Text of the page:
Nair discussed the new thriller in Doha, where her Maisha Lab is extending ties with the Doha Film Institute.
Mira Nair is in the final stages of casting now for her next feature, The Reluctant Fundamentalist, which is gearing up for a late January 2011 start of production.
She quashed Indian press rumours that she had cast Bollywood hotshot Shahid Kapoor as her lead. “I saw about 400 young men across the world, and I am seeing one more here in Doha [on Friday], but I have actually a final list of four young men who are all brilliant. Two are in Pakistan, and the other two are from England,” Nair noted. She will also make a trip to India to meet with actors there.
“And there are three other very meaty substantial roles to be played by Americans, those are being negotiated now with seriously A-list talent,” she said.
Speaking to Screen at the Doha Tribeca Film Festival, Nair noted that the film would shoot in Delhi (standing in for Lahore), with some work in Lahore, four weeks in New York City and one week in Valparaiso, Chile. Declan Quinn will serve as DoP.
The film is adapted from Mohsin Hamid’s Booker-shortlisted 2007 novel about a Pakistani man named Changez who is talking with an American stranger in a Lahore cafe, telling him about his life as a rising star on Wall Street who becomes disenchanted after the 9-11 attacks. The dialogue will be about 80% in English and 20% in Urdu.
“It’s an elegant cat and mouse thriller about perception and about how ‘we’ are seen by ‘them’ and how ‘they’ are seen by ‘us’,” Nair said. “It’s about his love affair with America and how it begins to change.”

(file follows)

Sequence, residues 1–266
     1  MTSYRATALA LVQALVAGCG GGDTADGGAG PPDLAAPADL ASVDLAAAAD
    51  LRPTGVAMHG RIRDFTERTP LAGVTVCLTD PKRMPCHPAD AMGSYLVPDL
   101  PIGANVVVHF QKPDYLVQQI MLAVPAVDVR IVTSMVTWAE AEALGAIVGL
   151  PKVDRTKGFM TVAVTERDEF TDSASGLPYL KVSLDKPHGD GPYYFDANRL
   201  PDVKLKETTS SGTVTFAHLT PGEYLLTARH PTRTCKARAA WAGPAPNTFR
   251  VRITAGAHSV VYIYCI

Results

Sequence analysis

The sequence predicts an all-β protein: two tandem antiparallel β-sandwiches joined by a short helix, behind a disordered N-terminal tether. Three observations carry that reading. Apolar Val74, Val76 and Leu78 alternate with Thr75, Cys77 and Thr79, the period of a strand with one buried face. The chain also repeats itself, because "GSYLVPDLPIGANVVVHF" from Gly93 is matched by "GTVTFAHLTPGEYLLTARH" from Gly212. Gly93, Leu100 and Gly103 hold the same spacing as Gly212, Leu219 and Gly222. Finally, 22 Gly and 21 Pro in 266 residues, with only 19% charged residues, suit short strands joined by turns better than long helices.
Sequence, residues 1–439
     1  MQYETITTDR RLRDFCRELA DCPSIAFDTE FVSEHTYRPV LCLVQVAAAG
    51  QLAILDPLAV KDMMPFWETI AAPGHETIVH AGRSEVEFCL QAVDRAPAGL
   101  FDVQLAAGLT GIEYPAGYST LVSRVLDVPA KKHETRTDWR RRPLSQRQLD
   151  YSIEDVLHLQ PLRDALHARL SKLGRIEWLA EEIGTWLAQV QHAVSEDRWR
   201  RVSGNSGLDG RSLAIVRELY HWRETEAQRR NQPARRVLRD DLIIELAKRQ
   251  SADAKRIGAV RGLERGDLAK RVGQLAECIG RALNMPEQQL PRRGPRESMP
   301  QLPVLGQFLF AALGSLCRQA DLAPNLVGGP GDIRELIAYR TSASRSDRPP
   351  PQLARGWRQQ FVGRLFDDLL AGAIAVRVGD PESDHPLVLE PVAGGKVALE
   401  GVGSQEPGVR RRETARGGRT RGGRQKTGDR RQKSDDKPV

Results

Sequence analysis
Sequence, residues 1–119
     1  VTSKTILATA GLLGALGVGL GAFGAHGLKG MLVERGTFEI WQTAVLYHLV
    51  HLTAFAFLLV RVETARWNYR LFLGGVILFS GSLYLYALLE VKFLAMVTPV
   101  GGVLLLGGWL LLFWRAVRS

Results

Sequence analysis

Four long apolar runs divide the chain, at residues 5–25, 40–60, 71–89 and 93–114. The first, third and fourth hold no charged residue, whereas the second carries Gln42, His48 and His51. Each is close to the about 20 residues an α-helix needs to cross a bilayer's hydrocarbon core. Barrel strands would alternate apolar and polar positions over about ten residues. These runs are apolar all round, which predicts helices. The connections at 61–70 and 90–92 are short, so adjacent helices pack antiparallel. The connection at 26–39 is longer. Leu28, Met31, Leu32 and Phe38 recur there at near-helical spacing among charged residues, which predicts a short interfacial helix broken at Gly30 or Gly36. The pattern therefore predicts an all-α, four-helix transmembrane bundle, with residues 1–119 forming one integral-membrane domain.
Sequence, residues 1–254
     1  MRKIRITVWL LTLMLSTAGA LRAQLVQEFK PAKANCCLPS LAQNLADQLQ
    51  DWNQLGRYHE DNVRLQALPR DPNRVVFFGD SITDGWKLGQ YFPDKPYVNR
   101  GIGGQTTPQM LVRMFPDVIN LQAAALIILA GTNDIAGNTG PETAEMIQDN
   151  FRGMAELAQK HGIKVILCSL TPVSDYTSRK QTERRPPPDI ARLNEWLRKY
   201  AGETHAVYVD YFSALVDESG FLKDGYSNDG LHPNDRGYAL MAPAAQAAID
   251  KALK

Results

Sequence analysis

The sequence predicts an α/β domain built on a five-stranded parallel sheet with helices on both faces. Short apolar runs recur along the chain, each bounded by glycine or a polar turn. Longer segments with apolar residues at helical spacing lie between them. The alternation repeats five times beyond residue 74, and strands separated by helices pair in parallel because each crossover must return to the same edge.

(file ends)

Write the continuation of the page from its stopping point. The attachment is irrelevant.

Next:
“It’s taken a year and a half to get the screenplay in the brilliant place it is now,” Nair noted. “The book is a Camus-like monologue, so it wasn’t an easy adaptation, but I think it’s really something great.” The screenplay was first written two Nair collaborators and then finished by LA-based William Wheeler.
Nair is working with her longtime producer Lydia Dean Pilcher to produce the film via their companies Mirabai Films and Cine Mosaic. “Like with The Namesake, we are doing our own production, we are putting the financing together and we have a very interesting bunch of people. We are deciding now which finance to go with,” Nair said. “What we do is raise equity outside of the US and then finish the film with creative freedom and then sell to the US.”
Because of security risks, the production will only be doing about 10 days of shooting in Lahore, with a second unit. “We can’t get insured [to do the main shooting there]. But Delhi is so spiritually close to Lahore. Now in Lahore is like 50 years ago in Delhi — the music the culture, the people.”
Nair was in Doha as a regular visitor: her last film Amelia opened the inaugural 2009 festival and this year she presented a talk about collaboration at her East Africa-based Maisha Lab.
She revealed that the partnership between Doha Film Institute and Maisha would be growing. “We joined hands from with the Doha Film Institute from last year. It shows how deeply rooted (DFI) is to film education here.”
Already, Doha has sent several participants from the region to East Africa’s Labs (two short films from those initiatives were shown at DTFF this year). And now plans are afoot to launch a Maisha screenwriting lab in Doha in February 2011.
“And then we’re talking closely [with DFI] about our permanent home. We’re looking towards the long term [with them],” Nair said.
Maisha has year-round programmes in four countries (Tanzania, Rwanda, Kenya and Uganda), and Nair noted: “Now we’re just about to put a permanent roof over our heads and build our centre in Kampala”
“Qatar and the Middle East is very similar in a strange way to the east of Africa,” she said. “We have these ancient stories and extraordinary imaginations but actually no bridge to turn that into cinema. It seems realistic that we’d come together.”